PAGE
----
Thursday December 7, 2023

Pro Numbers Paint Dismal Picture

  • For professional athletes and social media influencers, there’s still a significant gender pay gap.
  • If pro numbers are any indication, they don’t paint a very rosy picture of what awaits college sports NIL rules pass.
Photo: Susan Mullane-USA TODAY/Design: Alex Brooks
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How much money will college women’s sports athletes make when NIL laws take effect?

It’s a question that’s been debated in Congress, among athletic department staff, and by private NIL companies. It’s also one that will be answered in three short weeks, when laws take effect.

The NIL potential for college women’s sports athletes is huge.

But for professional athletes and social media influencers, there’s still a significant gender pay gap — despite existing popularity and growth potential. If those numbers are any indication, they don’t paint a very rosy picture of what awaits college women’s sports athletes when NIL rules pass.

Pay Gap in the Pros

The gender pay gap in salaries in sports is no secret. But there’s a gap for off-field earnings, too — from sponsorships and endorsements to entrepreneurial ventures. 

Forbes’ list of the top 50 pro sports earners between May 2020 and May 2021 includes players from a wide range of sports, from tennis to soccer and basketball. But the athletes have one thing in common: They’re men.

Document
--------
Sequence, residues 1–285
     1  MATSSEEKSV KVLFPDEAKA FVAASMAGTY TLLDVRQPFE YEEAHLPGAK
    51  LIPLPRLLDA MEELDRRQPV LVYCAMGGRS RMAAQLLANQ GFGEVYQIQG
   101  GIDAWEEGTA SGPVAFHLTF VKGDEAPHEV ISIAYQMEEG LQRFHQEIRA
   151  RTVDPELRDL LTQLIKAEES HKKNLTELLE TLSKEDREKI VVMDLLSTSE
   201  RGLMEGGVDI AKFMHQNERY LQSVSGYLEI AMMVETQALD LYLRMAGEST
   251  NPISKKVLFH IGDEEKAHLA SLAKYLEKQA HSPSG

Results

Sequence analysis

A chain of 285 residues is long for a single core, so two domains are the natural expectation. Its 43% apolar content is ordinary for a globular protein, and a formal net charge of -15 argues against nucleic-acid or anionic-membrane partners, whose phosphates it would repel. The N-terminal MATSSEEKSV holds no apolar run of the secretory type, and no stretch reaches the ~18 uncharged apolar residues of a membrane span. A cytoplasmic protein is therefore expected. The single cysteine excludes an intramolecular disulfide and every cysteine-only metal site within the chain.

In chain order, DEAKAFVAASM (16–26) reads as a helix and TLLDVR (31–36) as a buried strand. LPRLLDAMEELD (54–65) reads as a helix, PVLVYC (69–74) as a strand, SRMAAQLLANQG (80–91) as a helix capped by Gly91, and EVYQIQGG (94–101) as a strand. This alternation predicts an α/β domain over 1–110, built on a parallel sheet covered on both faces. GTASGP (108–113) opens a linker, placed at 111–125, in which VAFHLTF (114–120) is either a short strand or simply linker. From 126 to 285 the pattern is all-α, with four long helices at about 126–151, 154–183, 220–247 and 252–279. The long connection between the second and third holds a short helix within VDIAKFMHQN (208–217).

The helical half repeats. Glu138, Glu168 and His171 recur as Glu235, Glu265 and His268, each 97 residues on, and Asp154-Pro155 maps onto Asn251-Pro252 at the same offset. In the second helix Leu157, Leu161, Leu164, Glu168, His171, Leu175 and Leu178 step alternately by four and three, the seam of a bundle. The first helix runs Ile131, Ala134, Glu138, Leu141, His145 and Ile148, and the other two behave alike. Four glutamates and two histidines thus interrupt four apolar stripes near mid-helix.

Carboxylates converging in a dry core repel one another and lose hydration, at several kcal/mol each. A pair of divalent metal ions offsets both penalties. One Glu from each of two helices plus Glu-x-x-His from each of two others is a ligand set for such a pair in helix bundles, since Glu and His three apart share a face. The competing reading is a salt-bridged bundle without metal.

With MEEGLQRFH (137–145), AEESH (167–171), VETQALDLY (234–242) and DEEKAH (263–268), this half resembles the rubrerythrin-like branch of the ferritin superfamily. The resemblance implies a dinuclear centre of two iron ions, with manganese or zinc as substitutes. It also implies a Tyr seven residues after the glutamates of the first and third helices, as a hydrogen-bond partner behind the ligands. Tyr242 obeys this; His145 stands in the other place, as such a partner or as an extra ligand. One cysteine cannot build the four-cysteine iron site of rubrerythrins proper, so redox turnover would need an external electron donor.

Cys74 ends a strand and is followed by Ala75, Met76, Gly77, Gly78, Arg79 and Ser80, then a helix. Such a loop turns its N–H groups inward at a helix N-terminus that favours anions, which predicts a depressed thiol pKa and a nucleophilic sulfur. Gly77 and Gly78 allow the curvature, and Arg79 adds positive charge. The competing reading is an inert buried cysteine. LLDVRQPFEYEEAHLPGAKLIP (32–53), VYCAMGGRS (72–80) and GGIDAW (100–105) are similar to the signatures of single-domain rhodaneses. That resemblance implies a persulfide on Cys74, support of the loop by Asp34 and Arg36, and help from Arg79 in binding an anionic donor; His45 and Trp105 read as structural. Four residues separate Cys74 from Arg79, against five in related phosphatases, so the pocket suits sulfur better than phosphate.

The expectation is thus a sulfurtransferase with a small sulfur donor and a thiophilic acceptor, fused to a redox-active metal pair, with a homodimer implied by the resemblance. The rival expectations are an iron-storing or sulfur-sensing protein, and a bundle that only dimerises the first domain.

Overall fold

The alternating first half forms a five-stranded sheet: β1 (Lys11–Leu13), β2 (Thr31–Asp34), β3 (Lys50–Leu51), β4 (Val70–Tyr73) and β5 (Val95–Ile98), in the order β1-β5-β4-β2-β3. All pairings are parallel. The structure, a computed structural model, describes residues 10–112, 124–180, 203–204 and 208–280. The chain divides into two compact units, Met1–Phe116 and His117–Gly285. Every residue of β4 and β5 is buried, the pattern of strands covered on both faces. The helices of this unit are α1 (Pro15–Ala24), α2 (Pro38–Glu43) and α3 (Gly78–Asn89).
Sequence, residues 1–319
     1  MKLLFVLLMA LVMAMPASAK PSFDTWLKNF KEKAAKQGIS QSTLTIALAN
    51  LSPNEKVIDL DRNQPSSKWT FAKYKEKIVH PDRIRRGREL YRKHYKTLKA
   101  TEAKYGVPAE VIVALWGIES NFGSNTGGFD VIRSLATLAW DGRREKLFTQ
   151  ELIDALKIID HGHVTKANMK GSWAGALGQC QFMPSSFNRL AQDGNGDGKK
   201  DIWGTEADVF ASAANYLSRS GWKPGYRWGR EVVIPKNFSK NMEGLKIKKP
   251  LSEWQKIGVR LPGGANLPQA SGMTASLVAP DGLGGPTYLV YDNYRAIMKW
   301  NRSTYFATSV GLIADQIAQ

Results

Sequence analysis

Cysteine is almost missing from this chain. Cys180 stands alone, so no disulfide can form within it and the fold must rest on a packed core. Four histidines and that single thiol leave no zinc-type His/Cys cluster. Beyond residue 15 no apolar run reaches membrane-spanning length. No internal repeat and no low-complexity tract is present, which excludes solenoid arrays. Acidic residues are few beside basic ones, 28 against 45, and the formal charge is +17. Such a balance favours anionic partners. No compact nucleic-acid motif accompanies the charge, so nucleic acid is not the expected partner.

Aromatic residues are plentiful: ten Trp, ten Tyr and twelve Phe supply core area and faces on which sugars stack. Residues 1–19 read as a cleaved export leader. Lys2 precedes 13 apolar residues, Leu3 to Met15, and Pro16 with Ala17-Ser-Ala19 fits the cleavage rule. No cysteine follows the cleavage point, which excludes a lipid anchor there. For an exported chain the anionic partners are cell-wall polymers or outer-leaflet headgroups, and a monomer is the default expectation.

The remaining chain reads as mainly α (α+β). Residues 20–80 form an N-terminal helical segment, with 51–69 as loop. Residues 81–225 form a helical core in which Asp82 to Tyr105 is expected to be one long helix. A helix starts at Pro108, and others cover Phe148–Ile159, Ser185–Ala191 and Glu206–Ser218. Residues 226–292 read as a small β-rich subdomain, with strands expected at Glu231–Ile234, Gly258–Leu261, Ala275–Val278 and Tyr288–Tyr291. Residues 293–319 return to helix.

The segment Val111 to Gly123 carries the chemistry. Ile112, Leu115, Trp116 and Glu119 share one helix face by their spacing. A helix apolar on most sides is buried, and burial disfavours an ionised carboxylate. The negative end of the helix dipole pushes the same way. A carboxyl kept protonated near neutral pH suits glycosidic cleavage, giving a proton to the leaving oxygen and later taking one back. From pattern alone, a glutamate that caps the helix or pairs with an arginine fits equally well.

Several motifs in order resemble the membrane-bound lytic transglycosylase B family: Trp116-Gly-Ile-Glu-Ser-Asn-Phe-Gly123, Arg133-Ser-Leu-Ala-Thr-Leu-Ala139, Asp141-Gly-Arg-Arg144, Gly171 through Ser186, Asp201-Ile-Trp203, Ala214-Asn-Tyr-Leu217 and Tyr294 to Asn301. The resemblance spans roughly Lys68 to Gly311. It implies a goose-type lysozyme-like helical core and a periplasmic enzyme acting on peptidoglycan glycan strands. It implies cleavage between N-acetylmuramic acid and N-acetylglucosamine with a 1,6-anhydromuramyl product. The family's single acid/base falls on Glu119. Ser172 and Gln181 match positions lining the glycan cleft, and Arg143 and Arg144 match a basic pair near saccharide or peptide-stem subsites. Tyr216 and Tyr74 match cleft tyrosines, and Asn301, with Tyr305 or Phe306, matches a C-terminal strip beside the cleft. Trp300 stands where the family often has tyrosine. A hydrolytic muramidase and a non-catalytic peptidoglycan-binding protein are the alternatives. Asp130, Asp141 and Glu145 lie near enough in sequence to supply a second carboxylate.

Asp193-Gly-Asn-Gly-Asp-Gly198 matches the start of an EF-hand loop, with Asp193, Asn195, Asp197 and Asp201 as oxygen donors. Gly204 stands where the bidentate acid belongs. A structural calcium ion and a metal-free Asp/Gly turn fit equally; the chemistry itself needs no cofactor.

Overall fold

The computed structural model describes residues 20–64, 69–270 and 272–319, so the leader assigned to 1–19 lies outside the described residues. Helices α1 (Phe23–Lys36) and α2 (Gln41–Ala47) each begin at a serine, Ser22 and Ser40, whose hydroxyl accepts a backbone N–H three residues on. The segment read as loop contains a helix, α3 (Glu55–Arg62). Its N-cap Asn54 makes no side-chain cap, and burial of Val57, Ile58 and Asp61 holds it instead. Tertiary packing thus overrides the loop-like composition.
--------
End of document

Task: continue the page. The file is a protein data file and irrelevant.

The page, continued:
Only two women’s sports athletes made the list: Naomi Osaka and Serena Williams. 

In “off the field” earnings specifically, Osaka made $55 million and Williams earned $40 million.

The top overall off-field earner on the men’s side, Conor McGregor, earned $158 million — over  $100 million more than Osaka. And Roger Federer, the second-highest men’s sports earner, made $90 million — $50 million more than Williams.

The previous Forbes list showed a pay gap in off-field earnings, too. When comparing the top 10 men’s and women’s sports earners, eight of the comparisons saw men’s sports athletes earning more in off-field deals, according to a Business Insider analysis.

Inequities on Social Media

Social media endorsements will be one of the easiest and most popular ways for college athletes to make money. 

But even in the influencer field, there’s already a gender pay gap. Women comprised 77% of social media influencers, according to a 2019 study conducted by Klear. But men were paid close to 100% more.

On Instagram, men on average made slightly more money per post than women, even with similar follower counts, according to a 2020 study by HypeAuditor.

Klear did not respond to a request for further comment. HypeAuditor did not respond by the time of publishing.

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